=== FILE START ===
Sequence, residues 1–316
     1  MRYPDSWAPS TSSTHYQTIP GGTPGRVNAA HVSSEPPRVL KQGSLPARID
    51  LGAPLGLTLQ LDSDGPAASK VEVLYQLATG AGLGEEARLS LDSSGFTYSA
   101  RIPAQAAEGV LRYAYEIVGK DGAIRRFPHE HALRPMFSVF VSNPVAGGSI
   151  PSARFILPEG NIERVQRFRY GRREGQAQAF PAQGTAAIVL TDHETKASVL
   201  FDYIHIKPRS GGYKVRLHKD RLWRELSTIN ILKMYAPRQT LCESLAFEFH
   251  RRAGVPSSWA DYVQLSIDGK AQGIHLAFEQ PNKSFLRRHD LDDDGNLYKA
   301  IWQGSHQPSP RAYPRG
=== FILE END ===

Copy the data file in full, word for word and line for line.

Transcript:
Sequence, residues 1–316
     1  MRYPDSWAPS TSSTHYQTIP GGTPGRVNAA HVSSEPPRVL KQGSLPARID
    51  LGAPLGLTLQ LDSDGPAASK VEVLYQLATG AGLGEEARLS LDSSGFTYSA
   101  RIPAQAAEGV LRYAYEIVGK DGAIRRFPHE HALRPMFSVF VSNPVAGGSI
   151  PSARFILPEG NIERVQRFRY GRREGQAQAF PAQGTAAIVL TDHETKASVL
   201  FDYIHIKPRS GGYKVRLHKD RLWRELSTIN ILKMYAPRQT LCESLAFEFH
   251  RRAGVPSSWA DYVQLSIDGK AQGIHLAFEQ PNKSFLRRHD LDDDGNLYKA
   301  IWQGSHQPSP RAYPRG